• Tue. Apr 16th, 2024

Frankie Cosmos presents a delicate, bare collection of songs sure to be enjoyed with her Haunted Items Collection

ByAlex Kintrea

Apr 26, 2019

That sweet sound of Frankie Cosmos is back in our lives with new 2019 releases! This time round, Cosmos has chucked the lo-fi guitars and the rhythmic drumming of the banging homemade indie-folk vibes of her previous releases, instead giving us a very stripped back collection of songs under the name Haunted Items.

These nine short cuts contain quite cryptic lyrics, where each song seems to represent a different physical item which have somehow played a significant role in Frankie’s life. The songs generally deal with memory and the passing of time, with reflections on break-ups and old friends who fade away as you grow older.

The storytelling can be fantastic. The song ‘February,’ for example, painfully describes the breakdown of a marriage. On this track, Cosmos purposefully mixes up what tense she sings in and the dates she sings about to confuse the listener as to when these life events took place and the details of their circumstances – perhaps she herself can’t remember properly? Other songs, especially the shorter cuts, are more indefinite, but they all build up the same picture of someone who’s broken and alone.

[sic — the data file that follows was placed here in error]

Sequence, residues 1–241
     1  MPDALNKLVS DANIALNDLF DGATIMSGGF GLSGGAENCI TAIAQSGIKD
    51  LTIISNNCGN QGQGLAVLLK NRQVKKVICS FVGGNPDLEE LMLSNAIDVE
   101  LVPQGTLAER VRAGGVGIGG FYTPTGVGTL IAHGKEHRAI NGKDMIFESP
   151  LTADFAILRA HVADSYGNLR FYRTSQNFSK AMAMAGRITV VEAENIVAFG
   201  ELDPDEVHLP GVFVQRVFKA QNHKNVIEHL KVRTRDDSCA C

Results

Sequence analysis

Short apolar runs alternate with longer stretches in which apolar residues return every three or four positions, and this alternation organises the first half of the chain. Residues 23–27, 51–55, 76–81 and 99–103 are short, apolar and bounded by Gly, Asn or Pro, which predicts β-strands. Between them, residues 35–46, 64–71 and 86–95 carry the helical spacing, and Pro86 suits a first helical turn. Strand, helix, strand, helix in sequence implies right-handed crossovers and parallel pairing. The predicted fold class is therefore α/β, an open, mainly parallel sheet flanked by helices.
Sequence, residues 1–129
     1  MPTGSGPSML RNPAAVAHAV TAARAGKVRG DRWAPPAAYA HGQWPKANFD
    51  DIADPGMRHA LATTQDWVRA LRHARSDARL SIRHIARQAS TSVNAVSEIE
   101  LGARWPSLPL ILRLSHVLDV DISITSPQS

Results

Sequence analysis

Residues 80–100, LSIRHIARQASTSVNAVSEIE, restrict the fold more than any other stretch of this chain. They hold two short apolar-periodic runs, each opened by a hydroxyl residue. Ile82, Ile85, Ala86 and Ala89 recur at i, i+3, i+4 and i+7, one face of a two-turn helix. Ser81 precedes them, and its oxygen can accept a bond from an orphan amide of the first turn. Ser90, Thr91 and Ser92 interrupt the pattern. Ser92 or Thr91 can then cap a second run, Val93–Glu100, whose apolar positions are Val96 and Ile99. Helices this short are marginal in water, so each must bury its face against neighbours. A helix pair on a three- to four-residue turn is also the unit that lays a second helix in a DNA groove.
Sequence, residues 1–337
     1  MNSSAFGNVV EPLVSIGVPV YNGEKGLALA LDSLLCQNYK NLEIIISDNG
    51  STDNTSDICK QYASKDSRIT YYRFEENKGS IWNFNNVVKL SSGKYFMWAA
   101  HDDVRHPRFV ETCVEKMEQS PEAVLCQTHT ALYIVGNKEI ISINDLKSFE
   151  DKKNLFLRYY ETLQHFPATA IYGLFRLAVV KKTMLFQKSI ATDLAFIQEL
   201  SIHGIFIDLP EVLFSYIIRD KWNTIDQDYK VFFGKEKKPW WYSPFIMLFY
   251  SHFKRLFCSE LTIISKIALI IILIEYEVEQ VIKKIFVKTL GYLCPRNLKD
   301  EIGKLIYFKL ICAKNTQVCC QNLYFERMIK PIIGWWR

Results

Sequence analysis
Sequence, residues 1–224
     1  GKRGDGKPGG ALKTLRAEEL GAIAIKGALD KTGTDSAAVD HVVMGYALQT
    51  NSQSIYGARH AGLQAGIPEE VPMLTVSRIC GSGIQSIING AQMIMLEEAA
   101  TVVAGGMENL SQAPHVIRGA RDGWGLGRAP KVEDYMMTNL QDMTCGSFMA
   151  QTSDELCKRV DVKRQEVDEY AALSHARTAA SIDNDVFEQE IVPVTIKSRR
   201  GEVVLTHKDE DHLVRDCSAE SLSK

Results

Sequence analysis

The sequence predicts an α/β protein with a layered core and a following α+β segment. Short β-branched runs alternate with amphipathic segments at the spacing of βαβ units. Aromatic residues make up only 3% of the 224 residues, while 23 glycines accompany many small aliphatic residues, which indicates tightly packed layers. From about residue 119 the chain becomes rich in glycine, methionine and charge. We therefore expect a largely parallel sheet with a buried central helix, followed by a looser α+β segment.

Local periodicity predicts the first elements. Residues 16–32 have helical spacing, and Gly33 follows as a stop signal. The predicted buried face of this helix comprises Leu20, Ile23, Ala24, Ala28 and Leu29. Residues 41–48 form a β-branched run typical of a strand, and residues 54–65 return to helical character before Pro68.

This is truly a beautiful collection. The instrumentation is solely Frankie and a piano which only really engages with simplistic chords. No rhythm section, bass guitar or drumming – nothing. The songs hold a great poignancy, as Cosmos’s voice sounds so delicate, and so exposed
in the void soundscape. This really helps to elevate and contextualise the sometimes vague themes – on hearing her lonely voice, everything she’s feeling and thinking suddenly seems to make sense.

Thoughtful and sad, this certainly isn’t the most cheery album for this stressful time of year.

Rather, it’s something you might want to listen to alone, and in the dead of winter on a cold and rainy night. Nonetheless, a great little collection which demands re-listen after re-listen.


Image: digboston via Wikimedia Commons

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